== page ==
The painter Jan van Eyck is today considered the most significant Northern Renaissance artist of the 15th century. He was court painter to Philip the Good, duke of Burgundy, and was patronized extensively by the Burgundian court. It is known from the historical record that van Eyck was considered a revolutionary master across northern Europe even within his own lifetime; his approach to painting was heavily copied by other painters. Van Eyck’s virtuoso technique exploits the use of oils to describe light and sumptuous draperies with an almost photographic realism. His style placed the visible world at the heart of his painting and changed perceptions forever. There are only about 25 surviving paintings that can be confidently attributed to Jan van Eyck. Most of these are rarely permitted to travel, and the exhibition therefore presents a unique and special opportunity to display a work by Jan van Eyck at the Cleveland Museum of Art.
Grandes Chroniques de France, 1378–79
The Feast of the Order of the Star, from the Grandes Chroniques de France, c. 1378–79. France, Paris. Ink, tempera, and gold on vellum. Bibliothèque nationale de France. MS. Fr. 2813, folio 394 recto.
Known as the Grandes Chroniques de France, this manuscript is a vernacular history of the French kings assembled from translated Latin chronicles and other medieval documents. It was commissioned by the French king Charles V (reigned 1364–80), who ordered that it include new sections describing his own life and the history of the Valois dynasty. The text and illustrations in the Grandes Chroniques are part of a program intended to reinforce the power of Charles V’s family and its right to rule during a period of conflict and uncertainty.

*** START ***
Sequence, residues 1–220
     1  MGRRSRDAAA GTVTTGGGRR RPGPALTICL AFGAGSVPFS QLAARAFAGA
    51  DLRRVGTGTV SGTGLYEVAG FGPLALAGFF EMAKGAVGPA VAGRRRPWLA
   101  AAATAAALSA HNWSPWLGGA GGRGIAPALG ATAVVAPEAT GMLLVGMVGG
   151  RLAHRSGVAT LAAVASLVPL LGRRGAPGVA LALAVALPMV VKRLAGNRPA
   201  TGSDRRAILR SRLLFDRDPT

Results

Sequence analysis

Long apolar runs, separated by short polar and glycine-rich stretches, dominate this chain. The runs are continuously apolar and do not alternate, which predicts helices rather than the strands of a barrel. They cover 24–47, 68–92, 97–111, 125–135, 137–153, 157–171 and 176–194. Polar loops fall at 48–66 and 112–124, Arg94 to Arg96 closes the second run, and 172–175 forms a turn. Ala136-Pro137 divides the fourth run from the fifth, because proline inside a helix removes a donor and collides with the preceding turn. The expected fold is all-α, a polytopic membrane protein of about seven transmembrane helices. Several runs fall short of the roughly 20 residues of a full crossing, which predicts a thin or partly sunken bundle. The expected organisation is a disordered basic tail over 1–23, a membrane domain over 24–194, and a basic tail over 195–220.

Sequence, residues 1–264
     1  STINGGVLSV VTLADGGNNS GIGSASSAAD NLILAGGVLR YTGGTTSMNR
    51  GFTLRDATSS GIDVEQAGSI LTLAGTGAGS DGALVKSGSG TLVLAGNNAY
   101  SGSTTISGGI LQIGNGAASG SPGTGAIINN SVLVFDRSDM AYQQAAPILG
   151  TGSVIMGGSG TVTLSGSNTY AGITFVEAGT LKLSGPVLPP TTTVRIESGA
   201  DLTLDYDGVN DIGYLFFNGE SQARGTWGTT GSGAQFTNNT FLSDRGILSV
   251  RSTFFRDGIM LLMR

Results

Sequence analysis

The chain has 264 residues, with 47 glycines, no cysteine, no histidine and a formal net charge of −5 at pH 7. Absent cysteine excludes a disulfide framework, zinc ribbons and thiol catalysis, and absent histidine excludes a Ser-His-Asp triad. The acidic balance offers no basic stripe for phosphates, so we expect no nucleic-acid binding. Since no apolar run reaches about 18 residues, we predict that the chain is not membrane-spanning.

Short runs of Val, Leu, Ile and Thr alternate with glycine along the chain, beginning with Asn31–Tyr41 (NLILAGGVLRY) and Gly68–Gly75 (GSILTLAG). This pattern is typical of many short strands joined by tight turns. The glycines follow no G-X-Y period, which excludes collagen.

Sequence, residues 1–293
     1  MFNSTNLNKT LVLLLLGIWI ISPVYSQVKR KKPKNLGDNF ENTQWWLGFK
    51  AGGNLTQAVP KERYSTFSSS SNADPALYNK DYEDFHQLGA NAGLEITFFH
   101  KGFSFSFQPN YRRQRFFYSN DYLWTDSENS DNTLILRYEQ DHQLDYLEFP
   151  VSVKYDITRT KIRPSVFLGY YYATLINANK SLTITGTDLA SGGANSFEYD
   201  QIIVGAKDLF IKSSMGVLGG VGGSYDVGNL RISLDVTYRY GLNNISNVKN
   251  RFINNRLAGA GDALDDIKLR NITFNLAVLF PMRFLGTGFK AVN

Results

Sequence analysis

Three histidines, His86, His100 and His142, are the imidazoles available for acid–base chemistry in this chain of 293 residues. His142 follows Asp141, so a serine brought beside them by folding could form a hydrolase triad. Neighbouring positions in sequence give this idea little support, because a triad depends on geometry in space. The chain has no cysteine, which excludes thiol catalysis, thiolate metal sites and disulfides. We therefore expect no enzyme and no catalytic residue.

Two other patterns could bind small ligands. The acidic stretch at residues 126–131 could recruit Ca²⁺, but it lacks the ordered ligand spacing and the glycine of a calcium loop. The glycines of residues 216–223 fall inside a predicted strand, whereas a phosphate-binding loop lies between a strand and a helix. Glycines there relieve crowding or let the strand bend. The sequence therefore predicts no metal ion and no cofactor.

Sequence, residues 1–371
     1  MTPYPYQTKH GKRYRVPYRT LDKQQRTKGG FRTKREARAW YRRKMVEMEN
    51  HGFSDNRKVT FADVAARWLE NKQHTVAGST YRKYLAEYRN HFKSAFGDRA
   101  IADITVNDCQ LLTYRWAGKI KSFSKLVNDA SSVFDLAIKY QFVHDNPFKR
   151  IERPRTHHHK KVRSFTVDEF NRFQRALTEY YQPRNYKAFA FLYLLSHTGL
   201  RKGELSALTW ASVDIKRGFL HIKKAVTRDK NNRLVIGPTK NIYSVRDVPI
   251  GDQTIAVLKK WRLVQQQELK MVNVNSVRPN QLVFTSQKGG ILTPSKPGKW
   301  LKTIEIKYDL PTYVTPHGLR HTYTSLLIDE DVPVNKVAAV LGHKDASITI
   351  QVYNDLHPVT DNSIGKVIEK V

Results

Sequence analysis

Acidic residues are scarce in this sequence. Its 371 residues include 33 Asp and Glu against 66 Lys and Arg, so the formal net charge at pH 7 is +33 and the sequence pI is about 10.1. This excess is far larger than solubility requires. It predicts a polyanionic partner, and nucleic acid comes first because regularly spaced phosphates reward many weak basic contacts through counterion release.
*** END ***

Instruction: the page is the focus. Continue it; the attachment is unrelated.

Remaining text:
Among other historical events within the manuscript, the miniature on this richly illuminated page shows the founding of the chivalric Order of the Star in 1351 by King John the Good of France, father of Charles V. Here the knights of the order are seen wearing a badge formed from an eight-pointed star, identical to those on the Cleveland table fountain both in form and color. In the lower register, the order is depicted at its annual banquet held at Saint-Ouen. The common use of the star motif on the table fountain would strongly affirm its links to the same chivalric order.
Hours of Jeanne d’Évreux, 1325–28
The Hours of Jeanne d’Évreux, c. 1325–28. Jean Pucelle (French, active 1319–34). Ink and tempera on vellum; 9.3 x 6.1 cm. The Metropolitan Museum of Art, New York, The Cloisters Collection, 54.1.2. Image copyright © The Metropolitan Museum of Art. Image source: Art Resource, NY. The Metropolitan Museum of Art, New York, NY.
One of the most influential artists of the Parisian Gothic style, Jean Pucelle completed several commissions for the royal family during his relatively brief career. This private devotional book known as a book of hours was most likely commissioned by King Charles IV of France for his third wife and queen, Jeanne d’Évreux, sometime between their marriage in 1324 and the king’s death in 1328. Pucelle’s manuscript illuminations are usually identified by the presence of inventive human-animal hybrid figures, called drolleries, in the margins. He renders these grotesque figures in shades of black and white, with only occasional washes of sheer color—a technique that came to be known as grisaille. The manuscript demonstrates a common decorative vocabulary with the table fountain, which was produced in Paris around the same time.